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What I’m Grateful For in 2020

By Dana Dornsife, Lazarex Cancer Foundation Founder and CEO

Lazarex Cancer Foundation Very Important Patients

It has been an incredibly difficult year for so many people because of the pandemic and the many challenges that have come with it. But even in the hardest of times, we all have a choice whether or not we want to be consumed by the negative or seek out, acknowledge, and appreciate the silver linings.

This is a life lesson I am reminded of everyday thanks to the incredible and inspiring cancer patients we are blessed to work with at Lazarex Cancer Foundation. Even when they are facing daunting and life-threatening diagnoses, incredible economic challenges and their lives have been upended, I am consistently awed by the ability of these men, women and children to be filled with hope, and grateful for the good in their lives — no matter how hard life has become.

In the spirit of their resilience, optimism and positivity, here are 4 things I am grateful for in 2020:

1) COVID ignited a movement to create change around health disparities. 

The racial disparities around clinical trials are shameful. Our minority populations are grossly underrepresented in clinical trials and many patients eligible for cancer clinical trials do not enroll due to financial hardship, and yet — it’s been hard to get widespread attention focused on this systemic racism in healthcare.

COVID-19 is changing that.

The pandemic put a much-needed spotlight on racial disparities this year in all parts of society and it is opening people’s eyes to what health disparities are, how widespread they are and how deeply that impacts health outcomes across the board.

Creating awareness of this problem isn’t the same as crafting solutions to fix it but it is the first step — and a very important one from an advocacy standpoint. We do not want to revisit this in the wake of the next pandemic.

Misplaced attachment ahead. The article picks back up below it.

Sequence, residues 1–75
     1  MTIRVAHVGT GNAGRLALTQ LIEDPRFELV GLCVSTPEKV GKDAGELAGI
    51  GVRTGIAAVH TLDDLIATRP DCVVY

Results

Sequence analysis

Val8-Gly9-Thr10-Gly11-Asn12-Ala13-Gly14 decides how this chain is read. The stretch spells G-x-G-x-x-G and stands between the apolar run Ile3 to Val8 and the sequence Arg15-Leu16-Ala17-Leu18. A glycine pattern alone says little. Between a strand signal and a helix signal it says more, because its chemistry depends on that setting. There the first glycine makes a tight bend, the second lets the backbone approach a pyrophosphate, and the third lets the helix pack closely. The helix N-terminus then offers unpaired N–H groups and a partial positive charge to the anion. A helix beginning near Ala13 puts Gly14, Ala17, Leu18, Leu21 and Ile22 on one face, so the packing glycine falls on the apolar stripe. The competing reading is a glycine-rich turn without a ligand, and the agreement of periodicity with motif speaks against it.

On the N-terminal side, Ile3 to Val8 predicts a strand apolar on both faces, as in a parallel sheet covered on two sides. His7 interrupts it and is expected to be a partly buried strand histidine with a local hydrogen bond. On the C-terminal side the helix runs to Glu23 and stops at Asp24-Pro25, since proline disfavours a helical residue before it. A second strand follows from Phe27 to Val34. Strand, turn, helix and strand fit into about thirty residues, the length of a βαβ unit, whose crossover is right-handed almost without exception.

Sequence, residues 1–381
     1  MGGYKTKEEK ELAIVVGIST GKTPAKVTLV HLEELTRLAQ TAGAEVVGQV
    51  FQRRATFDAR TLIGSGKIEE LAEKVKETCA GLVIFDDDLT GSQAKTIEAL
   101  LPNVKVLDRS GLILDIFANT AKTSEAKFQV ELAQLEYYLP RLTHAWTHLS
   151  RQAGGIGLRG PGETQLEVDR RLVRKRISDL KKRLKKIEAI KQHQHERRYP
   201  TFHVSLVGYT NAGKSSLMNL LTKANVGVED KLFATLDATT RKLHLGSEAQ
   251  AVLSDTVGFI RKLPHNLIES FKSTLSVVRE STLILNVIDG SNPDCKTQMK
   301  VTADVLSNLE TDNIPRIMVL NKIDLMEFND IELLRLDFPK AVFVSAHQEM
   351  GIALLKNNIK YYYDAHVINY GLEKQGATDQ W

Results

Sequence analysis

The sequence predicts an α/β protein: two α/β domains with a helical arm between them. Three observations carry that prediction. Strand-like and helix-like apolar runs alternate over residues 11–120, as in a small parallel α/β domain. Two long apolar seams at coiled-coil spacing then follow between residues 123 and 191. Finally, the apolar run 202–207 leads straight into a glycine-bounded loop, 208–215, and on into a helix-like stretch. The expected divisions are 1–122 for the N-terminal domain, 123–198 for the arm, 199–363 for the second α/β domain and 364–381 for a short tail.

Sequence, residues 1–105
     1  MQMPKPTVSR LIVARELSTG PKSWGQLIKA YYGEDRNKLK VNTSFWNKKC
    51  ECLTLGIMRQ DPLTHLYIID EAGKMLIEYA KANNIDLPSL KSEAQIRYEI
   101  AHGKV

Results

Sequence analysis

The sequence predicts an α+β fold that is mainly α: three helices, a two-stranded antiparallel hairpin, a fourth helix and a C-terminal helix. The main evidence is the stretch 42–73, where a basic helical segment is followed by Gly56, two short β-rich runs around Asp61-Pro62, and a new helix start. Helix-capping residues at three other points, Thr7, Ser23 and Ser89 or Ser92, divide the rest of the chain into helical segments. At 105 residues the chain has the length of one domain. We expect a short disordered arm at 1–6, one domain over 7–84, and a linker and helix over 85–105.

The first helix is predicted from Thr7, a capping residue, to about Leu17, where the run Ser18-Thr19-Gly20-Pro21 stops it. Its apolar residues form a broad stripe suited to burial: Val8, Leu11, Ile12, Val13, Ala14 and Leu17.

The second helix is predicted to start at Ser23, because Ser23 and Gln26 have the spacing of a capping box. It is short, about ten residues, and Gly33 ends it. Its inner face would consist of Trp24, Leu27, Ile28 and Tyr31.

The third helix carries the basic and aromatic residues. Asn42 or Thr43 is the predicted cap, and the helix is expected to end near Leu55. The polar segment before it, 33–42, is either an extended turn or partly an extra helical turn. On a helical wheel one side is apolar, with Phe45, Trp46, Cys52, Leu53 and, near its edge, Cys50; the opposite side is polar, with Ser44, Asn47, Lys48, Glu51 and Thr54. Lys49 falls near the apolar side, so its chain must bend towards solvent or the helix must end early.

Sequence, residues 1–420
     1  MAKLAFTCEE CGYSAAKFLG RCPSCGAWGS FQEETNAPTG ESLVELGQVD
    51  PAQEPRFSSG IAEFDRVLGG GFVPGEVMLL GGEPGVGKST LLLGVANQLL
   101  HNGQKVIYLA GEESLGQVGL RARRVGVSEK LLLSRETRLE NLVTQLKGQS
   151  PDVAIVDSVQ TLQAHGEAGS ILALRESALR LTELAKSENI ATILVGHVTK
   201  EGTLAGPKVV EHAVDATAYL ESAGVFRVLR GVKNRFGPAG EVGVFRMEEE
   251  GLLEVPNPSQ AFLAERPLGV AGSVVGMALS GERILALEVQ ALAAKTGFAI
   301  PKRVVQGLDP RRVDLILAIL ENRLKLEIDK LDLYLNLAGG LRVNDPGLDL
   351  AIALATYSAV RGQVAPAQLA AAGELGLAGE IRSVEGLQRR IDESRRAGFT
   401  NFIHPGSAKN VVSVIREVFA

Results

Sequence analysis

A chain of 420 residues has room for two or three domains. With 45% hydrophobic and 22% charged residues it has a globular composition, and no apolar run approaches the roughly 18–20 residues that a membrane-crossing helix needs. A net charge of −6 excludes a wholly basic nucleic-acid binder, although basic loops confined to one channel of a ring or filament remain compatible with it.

2) Decentralization of trials. 

There has long been a push in the healthcare industry to take clinical trials to the patient. But while there has always been a lot of interest and talk about this — there’s been little action. However, the pandemic changed things. COVID forced innovation and new ways of thinking and it required clinical trial sites to find ways of harnessing technology to continue providing potentially life-saving treatments to patients, minimize the risk of COVID exposure to immunocompromised participants and keep their research on track.

What we have learned this year is — not only does it work — there are also many benefits. Patients still have to go to clinical trial sites for essential elements that can only be delivered there — whether infusions or the delivery of other types of treatment. But there is so much that can be done closer to home — blood draws, diagnostics, CT scans and other imaging. Many health assessment and survey appointments can effectively be done through telehealth. What we are finding is that this leads to:

  • Reduced cost to conduct trials.
  • Lower out of pocket travel costs for patients.
  • Less burden on patients who don’t have to travel as often or as far, spending less time at a trial site because more is being done closer to home.
  • Freeing up valuable time for researchers and caregivers can utilize their skill-set appropriately and efficiently doing what only they can do while letting others do what they are trained to handle.